My parents made Christmas a special and festive time of the year for my sisters and me. However, the Christmas season was fairly short compared to what I experience as a pastor. Often our tree would not go up till mid December and it was a festive time. Dad would take us to the Georgia Farmer’s Market and we would look for that perfect Christmas tree. Once we had decided, he would dicker with the tree farmer about the price. My mother would be busy baking cakes and breads and decorating our home. My dad even had two special cakes he baked every year for our family; a Japanese fruit cake and an orange slice cake. Every year the same three red flashing bells would go on our front door, the same three Christmas albums (played at 33rpm), the same recipes and oh the smells of my mother’s kitchen! Add a little Christmas pageant at our church with a potluck following. Then over the river and through the woods to grandma’s house we go. The 57 Chevrolet knew the way to carry the sleigh. And as quick as a flash Christmas had come and gone.
As a pastor, I soon discovered that Christmas could become very laborious for us and our congregation if I weren’t careful. Soon Becky and I were inundated with speaking/singing at dinners, parties, class dinners and parties, rehearsing for musicals and plays, organizing shopping trips for the various groups in our churches, besides the preparations for our family Christmas. The planning would begin in September and the plan was carried out from Thanksgiving to the Sunday before Christmas. After Christmas we would breathe a sigh of relief. This wasn’t the simple Christmases we had grown up with. We discovered that we weren’t the only ones who were being burned out for this beautiful and holy time of the year.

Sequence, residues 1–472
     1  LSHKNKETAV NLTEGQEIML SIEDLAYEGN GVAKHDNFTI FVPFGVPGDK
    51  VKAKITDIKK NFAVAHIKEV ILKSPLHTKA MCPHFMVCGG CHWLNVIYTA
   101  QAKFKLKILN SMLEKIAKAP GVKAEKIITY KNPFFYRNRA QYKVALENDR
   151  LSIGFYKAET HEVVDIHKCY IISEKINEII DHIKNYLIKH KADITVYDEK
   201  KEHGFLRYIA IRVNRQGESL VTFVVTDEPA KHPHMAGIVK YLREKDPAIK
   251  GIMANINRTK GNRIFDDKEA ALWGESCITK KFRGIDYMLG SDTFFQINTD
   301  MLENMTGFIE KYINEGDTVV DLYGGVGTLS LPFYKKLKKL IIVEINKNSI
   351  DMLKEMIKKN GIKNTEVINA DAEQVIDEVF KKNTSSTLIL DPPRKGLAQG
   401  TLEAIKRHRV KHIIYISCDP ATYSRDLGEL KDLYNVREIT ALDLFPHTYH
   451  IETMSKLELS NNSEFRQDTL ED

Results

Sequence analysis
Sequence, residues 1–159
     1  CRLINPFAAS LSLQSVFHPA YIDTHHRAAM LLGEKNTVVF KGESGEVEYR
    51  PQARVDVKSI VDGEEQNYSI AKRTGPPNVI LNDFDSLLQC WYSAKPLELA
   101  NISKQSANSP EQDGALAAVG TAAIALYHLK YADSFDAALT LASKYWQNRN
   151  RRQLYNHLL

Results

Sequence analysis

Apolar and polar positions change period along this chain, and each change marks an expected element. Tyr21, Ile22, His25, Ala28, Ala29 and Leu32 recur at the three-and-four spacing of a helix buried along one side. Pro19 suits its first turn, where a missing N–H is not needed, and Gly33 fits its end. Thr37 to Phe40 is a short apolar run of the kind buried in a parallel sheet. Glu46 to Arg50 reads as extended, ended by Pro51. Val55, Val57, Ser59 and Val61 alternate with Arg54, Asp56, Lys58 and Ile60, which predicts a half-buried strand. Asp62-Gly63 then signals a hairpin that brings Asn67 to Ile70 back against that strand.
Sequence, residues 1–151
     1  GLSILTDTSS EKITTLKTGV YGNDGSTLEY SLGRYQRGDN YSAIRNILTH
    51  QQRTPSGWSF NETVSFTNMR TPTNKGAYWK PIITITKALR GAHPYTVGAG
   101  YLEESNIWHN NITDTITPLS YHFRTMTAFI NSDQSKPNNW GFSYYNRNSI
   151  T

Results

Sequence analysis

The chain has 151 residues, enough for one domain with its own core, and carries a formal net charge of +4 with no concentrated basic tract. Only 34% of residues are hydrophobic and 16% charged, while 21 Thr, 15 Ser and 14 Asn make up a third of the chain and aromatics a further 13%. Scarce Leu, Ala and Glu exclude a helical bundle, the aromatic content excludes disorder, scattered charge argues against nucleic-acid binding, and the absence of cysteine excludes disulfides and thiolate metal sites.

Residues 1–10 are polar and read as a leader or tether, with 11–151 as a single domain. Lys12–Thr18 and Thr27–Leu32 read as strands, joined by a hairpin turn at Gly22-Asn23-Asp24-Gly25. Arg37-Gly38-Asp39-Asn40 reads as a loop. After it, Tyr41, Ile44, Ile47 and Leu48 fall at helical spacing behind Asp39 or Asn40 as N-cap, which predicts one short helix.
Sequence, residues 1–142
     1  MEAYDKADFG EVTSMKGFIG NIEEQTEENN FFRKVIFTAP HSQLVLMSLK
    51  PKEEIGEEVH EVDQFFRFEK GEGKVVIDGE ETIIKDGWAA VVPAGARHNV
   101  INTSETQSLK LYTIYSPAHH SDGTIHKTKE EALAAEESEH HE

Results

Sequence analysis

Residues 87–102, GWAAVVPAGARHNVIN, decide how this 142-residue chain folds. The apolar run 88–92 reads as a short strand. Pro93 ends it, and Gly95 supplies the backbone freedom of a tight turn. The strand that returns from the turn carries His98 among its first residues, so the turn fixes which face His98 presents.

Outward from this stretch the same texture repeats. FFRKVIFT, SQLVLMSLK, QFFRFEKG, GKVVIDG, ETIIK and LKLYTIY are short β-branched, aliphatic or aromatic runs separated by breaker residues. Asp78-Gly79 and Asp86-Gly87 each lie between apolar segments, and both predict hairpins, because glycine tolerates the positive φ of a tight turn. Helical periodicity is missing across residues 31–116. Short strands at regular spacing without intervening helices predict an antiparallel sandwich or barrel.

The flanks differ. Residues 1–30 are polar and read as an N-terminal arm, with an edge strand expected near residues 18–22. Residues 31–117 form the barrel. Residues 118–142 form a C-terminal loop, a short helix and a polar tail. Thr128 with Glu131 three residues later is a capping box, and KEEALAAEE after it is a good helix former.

Then when our children were small, we discovered Advent, a Christian season that would bring great joy to our family’s Christmas. At first the emphasis on fasting, repentance, and soul searching as we prepared for the celebration of Christmas seemed foreign to us. It was depressing to say the least. And fasting during this time of the year. No wonder so many people find it difficult and pretty much left untried.
Advent before Christmas compares to Lent before Easter. It is a time of reminding ourselves why we needed Jesus to save us from our sins. It is a time of searching our hearts and changing our course where we have drifted from our passionate pursuit of the Savior. It is a time of reading Scripture with our families and helping our children long for the Savior as much as they long for the gifts beneath our trees. We consider who can we help and how best to help them. It’s easy to give cash but to enter into someone’s world the way Jesus (Immanuel) entered ours to be with us was what we felt called to do.
Christmas is still a very busy time of the year for Becky and me. Observing Advent for the last twenty years rescued Christmas for us from the busy and exhausting rigor that our culture has made it, in order to get us shop and dine. I anticipate that wonderful feeling that sweeps over me on Christmas Eve when following the beautiful celebration of the birth of our Savior on Christmas Eve at Woodland I go home to be with my family.